Zande people

The Azande (plural of "Zande" in the Zande language) are an ethnic group of North Central Africa.

Azande men with shields, harp, between 1877 and 1880.
Total population
3.8 million at end of 20th century[1]
Regions with significant populations
Central African Republic, Democratic Republic of the Congo, South Sudan
Pa-Zande, Bangala, English, Sango and Arabic
Christianity, African Traditional Religion

They live primarily in the northeastern part of the Democratic Republic of the Congo, in south-central and southwestern part of South Sudan, and in southeastern Central African Republic. The Congolese Azande live in Orientale Province, specifically along the Uele River; Isiro, Dungu, Kisangani and Duruma. The Central African Azande live in the districts of Rafaï, Bangasu and Obo. The Azande of South Sudan live in Central, Western Equatoria and Western Bahr al-Ghazal States, Yei, Maridi, Yambio, Tombura, Deim Zubeir, Wau Town and Momoi.


In the early 19th century, the Bandia people ruled over the Vungara and the two groups became the Azande people. They lived in the savannas of what is now the southeastern part of Central African Republic. After the death of a king, the king's sons would fight for succession. The losing son would often establish kingdoms in neighbouring regions, making the Azande kingdom spread eastward and northward. Sudanese raids halted some of northward expansion later in the 19th century. The Azande became divided by Belgium, France, and Anglo-Egyptian Sudan.[2]

Name and language

The word Azande means the people who possess much land, and refers to their history as conquering warriors. Variant spellings include Adio (Makaraka), Zande, Zandeh, A-Zandeh and Sandeh. The name Niam-Niam (or Nyam-Nyam) was frequently used by foreigners to refer to the Azande in the 18th and early 19th century. This name is probably of Dinka origin, and means great eaters in that language (as well as being an onomatopoeia), supposedly referring to cannibalistic propensities. This name for the Azande was in use by other tribes in South Sudan, and later adopted by westerners. Today the name Niam-Niam is considered pejorative.


The Azande speak Zande, which they call Pa-Zande (also known as Pa-Dio, Zandi, Azande, Sande, Kizande, Bazande), which has an estimated 1.1 million speakers.[3] "Zande Language" is also used to refer to related languages in addition to Azande proper: including Adio, Barambu, Apambia (Bakpo), Geme, Kpatiri and Nzakara.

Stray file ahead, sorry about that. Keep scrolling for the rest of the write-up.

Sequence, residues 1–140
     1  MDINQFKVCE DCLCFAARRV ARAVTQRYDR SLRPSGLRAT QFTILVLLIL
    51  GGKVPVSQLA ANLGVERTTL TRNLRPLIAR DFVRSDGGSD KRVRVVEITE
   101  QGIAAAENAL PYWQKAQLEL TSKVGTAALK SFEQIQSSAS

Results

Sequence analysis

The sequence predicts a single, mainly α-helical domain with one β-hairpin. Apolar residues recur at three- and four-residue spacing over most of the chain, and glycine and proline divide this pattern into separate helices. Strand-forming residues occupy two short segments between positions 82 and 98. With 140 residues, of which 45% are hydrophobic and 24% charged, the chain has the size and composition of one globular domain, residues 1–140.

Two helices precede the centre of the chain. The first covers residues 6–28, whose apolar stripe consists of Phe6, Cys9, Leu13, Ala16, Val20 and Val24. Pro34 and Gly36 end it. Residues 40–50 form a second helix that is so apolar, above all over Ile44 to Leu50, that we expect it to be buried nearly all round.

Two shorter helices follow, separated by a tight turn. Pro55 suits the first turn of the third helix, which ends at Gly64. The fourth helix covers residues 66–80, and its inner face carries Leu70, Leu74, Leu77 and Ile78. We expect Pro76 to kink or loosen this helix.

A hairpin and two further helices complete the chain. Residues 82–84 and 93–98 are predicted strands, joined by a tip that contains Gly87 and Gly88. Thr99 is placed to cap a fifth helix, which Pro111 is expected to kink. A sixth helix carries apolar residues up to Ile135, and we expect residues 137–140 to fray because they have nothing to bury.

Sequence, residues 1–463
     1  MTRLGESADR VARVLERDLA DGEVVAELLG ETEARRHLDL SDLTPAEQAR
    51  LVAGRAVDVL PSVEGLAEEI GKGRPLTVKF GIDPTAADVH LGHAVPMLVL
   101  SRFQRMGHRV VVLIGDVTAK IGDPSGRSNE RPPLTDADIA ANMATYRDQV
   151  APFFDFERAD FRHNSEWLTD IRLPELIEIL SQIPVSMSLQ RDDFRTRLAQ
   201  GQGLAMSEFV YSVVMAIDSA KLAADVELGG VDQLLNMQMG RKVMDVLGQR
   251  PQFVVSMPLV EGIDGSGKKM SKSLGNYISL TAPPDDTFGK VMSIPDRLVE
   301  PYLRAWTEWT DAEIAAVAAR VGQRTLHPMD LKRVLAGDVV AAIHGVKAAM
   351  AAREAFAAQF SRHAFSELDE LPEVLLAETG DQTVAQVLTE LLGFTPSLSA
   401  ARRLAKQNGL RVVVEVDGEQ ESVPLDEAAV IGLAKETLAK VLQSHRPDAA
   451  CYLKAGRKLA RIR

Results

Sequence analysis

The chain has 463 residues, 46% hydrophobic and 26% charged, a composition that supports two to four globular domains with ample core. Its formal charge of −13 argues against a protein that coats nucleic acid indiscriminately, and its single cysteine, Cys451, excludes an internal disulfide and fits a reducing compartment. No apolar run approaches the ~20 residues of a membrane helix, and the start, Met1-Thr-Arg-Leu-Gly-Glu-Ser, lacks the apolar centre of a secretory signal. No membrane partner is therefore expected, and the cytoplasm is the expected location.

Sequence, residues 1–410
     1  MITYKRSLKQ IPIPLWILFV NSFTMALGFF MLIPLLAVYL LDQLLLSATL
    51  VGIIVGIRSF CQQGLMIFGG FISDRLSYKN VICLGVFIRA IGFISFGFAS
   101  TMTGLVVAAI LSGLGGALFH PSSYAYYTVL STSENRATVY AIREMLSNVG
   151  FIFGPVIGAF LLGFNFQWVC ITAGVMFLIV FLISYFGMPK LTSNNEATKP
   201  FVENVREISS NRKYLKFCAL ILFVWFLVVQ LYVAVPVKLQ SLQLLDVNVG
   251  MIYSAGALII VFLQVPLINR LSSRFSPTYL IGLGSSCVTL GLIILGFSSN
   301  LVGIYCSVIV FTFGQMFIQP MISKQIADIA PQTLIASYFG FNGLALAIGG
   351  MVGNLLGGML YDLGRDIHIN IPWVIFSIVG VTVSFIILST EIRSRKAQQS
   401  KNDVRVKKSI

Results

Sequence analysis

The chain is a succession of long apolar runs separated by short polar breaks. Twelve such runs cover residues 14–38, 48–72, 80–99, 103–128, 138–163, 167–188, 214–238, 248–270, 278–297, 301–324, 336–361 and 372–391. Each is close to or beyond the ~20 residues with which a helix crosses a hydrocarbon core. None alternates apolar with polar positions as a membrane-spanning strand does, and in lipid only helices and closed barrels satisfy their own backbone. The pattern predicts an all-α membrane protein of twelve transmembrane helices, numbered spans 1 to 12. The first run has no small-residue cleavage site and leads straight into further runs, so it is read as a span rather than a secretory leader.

The Azande population is spread over three Central African countries: South Sudan, the Democratic Republic of the Congo and the Central African Republic. Azande territory extends from the fringes of the South-central and Southwest Upper basin of South Sudan to the semitropical rain forests in Congo, and into the Central African Republic.

Estimates of Azande speakers reported in SIL Ethnologue (2009) are 730,000 in the Democratic Republic of the Congo (undated, perhaps from the 1970s), 62,000 in the Central African Republic (1996 estimate) and 350,000 in South Sudan (1982 estimate).[3]


The types of houses that the Azande built were made from mud and grass, which they framed around wooden poles and thatched with grass. Each household was built around a courtyard so that they can gather and converse with each other. Adjacent to these courtyards were kitchen gardens that were for plants that did not require large scale farming such as pineapples and mangos.[4]

Social and political organizations

The Azande were organized into chiefdoms that can also be called kingdoms. Avongara were the nobility and passed it down through their linage. Chiefs had many jobs within the chiefdoms such as military, economic, and political leaders. All the unmarried men in the society are used as laborers and warriors.[4]

Within the chiefdoms clan affiliation was not stressed as important at the local level. They had “local groups” that were similar to “political organizations”.[4]


After World War II, the British government tried to encourage cotton cultivation in southern Sudan in a program known as the Zande Scheme. The program largely failed, partly because of the Azande's relative isolation to trading ports. Because of this isolation, many Azande have moved to towns closer to major roads.[2]

The Azande are mainly small-scale farmers. Crops include maize, rice, groundnuts (also known as peanuts), sesame, cassava and sweet potatoes. Fruits grown in the area include mangos, oranges, bananas, pineapples, and also sugar cane. Zandeland is also full of palm oil and sesame. From 1998 to 2001, Zande agriculture was boosted since World Vision International bought agricultural produce.—

Since then, the Azande have hunted and farmed millet, sorghum, and corn. Major cash crops include cassava and peanuts.[2]

The region in which the Azande live has two seasons. During the rainy season the women and men both help get food from the river. Women help with the fishing in dammed streams and shallow pools collecting fish, snakes, and crustaceans. Men make and set up traps in the river to help with the collection of food. Another food that the Azande collect and eat is termites which are their favorites.[4]

Traditional beliefs


Most Azande formerly practised a traditional African religion, but this has been supplanted to a large extent by Christianity. Most Azande today participate in the Catholic faith. Jehovah's Witnesses produce literature in the Zande language.


Other traditional beliefs include magic and witchcraft. Among the Azande, witchcraft, or mangu, is believed to be an inherited substance in the belly which leads a fairly autonomous existence, and has power to perform bad magic on one's enemies. Since they believed that witchcraft is inherited, an autopsy of an accused witch would also prove that a particular living person, related to the deceased, was or was not a witch. Mangu is thought to be passed down from parent to child of the same sex — from father to son or from mother to daughter. Therefore if a man were to be proven to possess witchcraft substance, this conclusion would extend to that man's father, sons, brothers, and so on.